Music came up and a spotlight lit the center of the stage. She stepped into the light and began to dance in a tiny black, bejeweled bikini. In her arms, she held an enormous boa constrictor. She stroked the snake as she undulated to the music, then put it over her head and across her shoulders. The snake slowly began to coil around her as she danced.
Some of the men in the tent applauded.
One of them shouted, "Take it off, honey!"
She wasn't a terribly good dancer. By the time she held two snakes, she'd gone through all her moves and was just repeating herself.
But she was beautiful and I couldn't take my eyes off her.
Her skin was pale, her long, thick hair a deep red. She had strikingly full lips. She was voluptuous and filled the small bikini to its limit. At one point, she got down on all fours and crawled toward the front of the stage, three snakes wrapped around her, hair draped over half her face, Veronica Lake-style. Her lack of talent made little difference. Her bright blue eyes met mine a number of times, and each time, I felt a pleasant chill.
The men in the tent hooted and whistled. I watched silently, and wondered if Elise was her real name.
The show was short. A man came in and cleared out the tent, telling everyone it was over.
I stepped outside and lit a cigarette. I stood there a little while, looking around, wondering what to do next. I decided it would probably be best if I just got back in the car and hit the road again. There were a lot of miles to cover between Garver and Los Angeles. I didn't mind driving at night. In such heat, I preferred it.
I started to walk away from the tent when a woman screamed nearby, then said, rather loudly, "What did I tell you, huh? Didn't I say you ever touch me again, I'll kill you? Huh? Didn't I?"
I stopped and turned in the direction from which the scream had come, and realized it had sounded from behind the Serpent Girl tent. As I jogged along the side of the tent, I heard more.
"You cunt," a man said. "I was the best you ever had and you know it."
"The best?" the woman said with a gasp. "You're scum. I told you, we're over, we've been over. The best! What a laugh that is." She tipped her head back and barked a few harsh laughs. "You couldn't even —"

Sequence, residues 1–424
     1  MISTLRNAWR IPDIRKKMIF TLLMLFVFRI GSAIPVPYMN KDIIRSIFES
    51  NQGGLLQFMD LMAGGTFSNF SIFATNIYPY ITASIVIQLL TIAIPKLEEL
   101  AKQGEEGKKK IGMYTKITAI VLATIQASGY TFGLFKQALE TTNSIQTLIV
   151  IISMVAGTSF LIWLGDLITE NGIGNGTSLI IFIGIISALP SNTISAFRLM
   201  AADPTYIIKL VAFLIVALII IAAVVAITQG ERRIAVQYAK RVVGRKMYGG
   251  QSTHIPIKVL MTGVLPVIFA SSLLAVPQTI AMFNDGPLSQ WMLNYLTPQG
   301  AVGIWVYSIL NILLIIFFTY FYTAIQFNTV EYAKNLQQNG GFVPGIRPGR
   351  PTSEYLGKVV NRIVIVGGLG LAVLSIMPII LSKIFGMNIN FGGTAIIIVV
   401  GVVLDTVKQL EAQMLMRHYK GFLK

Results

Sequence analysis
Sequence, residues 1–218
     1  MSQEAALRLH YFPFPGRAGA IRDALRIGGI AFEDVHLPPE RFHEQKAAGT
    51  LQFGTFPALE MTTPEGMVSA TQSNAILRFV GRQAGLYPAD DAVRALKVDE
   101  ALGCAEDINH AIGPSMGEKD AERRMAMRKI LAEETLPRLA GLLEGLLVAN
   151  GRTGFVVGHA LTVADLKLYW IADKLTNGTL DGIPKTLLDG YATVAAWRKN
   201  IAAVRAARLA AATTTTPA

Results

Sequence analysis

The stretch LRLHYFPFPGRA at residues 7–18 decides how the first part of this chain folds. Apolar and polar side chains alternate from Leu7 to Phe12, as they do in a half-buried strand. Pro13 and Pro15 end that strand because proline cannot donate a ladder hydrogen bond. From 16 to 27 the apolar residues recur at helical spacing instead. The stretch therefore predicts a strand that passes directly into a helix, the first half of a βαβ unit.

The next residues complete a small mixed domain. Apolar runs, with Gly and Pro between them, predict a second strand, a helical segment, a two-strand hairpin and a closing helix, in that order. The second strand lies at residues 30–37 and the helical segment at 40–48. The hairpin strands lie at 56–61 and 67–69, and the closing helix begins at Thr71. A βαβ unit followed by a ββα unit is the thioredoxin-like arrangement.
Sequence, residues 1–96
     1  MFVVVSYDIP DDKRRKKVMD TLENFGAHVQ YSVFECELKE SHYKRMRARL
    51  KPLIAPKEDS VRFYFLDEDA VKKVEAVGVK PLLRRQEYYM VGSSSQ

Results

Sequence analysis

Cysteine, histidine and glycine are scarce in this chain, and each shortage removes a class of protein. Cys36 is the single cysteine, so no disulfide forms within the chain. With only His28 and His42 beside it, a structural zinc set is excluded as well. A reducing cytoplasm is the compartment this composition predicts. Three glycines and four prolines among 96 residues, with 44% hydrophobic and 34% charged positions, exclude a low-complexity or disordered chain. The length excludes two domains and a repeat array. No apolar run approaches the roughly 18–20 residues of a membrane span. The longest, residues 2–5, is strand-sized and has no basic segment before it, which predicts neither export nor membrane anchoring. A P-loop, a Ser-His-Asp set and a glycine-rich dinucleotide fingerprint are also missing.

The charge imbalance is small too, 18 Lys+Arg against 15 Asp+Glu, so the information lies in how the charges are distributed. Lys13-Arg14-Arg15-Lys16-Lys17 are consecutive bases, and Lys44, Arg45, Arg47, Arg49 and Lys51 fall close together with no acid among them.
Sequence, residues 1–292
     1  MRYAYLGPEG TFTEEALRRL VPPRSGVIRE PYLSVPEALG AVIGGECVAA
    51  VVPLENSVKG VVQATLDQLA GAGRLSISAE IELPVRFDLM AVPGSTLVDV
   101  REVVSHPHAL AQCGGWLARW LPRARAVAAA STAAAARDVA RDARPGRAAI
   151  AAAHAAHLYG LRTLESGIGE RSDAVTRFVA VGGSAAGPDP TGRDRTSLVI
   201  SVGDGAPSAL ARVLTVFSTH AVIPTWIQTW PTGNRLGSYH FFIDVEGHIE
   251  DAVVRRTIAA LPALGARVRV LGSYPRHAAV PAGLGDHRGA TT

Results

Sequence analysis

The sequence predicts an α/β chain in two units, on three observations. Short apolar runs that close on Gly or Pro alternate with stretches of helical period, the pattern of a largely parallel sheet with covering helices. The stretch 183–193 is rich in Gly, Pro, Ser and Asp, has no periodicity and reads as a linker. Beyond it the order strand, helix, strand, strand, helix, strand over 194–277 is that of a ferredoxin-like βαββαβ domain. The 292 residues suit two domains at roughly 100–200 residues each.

A sharp slap sounded an instant before I rounded the corner of the tent.
A tall, bear-like man in his fifties stood before the Serpent Girl, still in her sparkly, rhinestone bikini. He towered over her as he shook her hard by her shoulders, growling through clenched teeth, "You miserable bitch, you've always been worthless, and you'll always be worthless. You're crazier than a shit-house rat, and I hope you —"
"Hey," I said, "leave her alone."
"This is none a your fuckin' bidness, buddy," the big man said. He was bald on top, and the rusty ring of hair that went around from ear to ear was wildly mussed. "She belongs to me, I own her, and I'll —"
"Nobody owns me, you fat eunuch," she said. She spat the words.
He slapped her back-handed and knocked her down.
I stepped toward him and, without saying another word, punched him in the face. I caught him off guard and he almost went down, but not quite. As he raised a fist, I hit him again. He was big, but he was slow.
He collapsed to the grass and blood ran from his nose and over his mouth and chin. I watched him a moment until I was satisfied that the man was unconscious.
The Serpent Girl got to her feet, one hand pressed to the side of her face that had been slapped.
"You okay?" I said.
She set her jaw, stepped over to the man, and kicked him in the stomach. He curled up, almost in a ball, as he made a retching sound.
I took her elbow and pulled her back. "Don't do that, okay? He's fine, he's not getting up right away. And if he does," I added, hoping he'd hear, "I'll knock him down again."
She sighed. "I'm unemployed."
"What do you mean?" I said.
"He's my boss."
"Oh. I hope I didn't get you into any trouble."
"I was already in trouble."
"Anything I can do?"
"I don't know. You gotta car?"
"Where you headed?"
She jerked her head and said, "Come with me to my trailer. I wanna get the hell outta here before he gets his shit together."
I went with her toward a few rows of small trailers parked behind the tent. Hers was in the front row, third from the left, tan with a broad brown horizontal stripe. She opened the door and stepped up and in, turned on a light.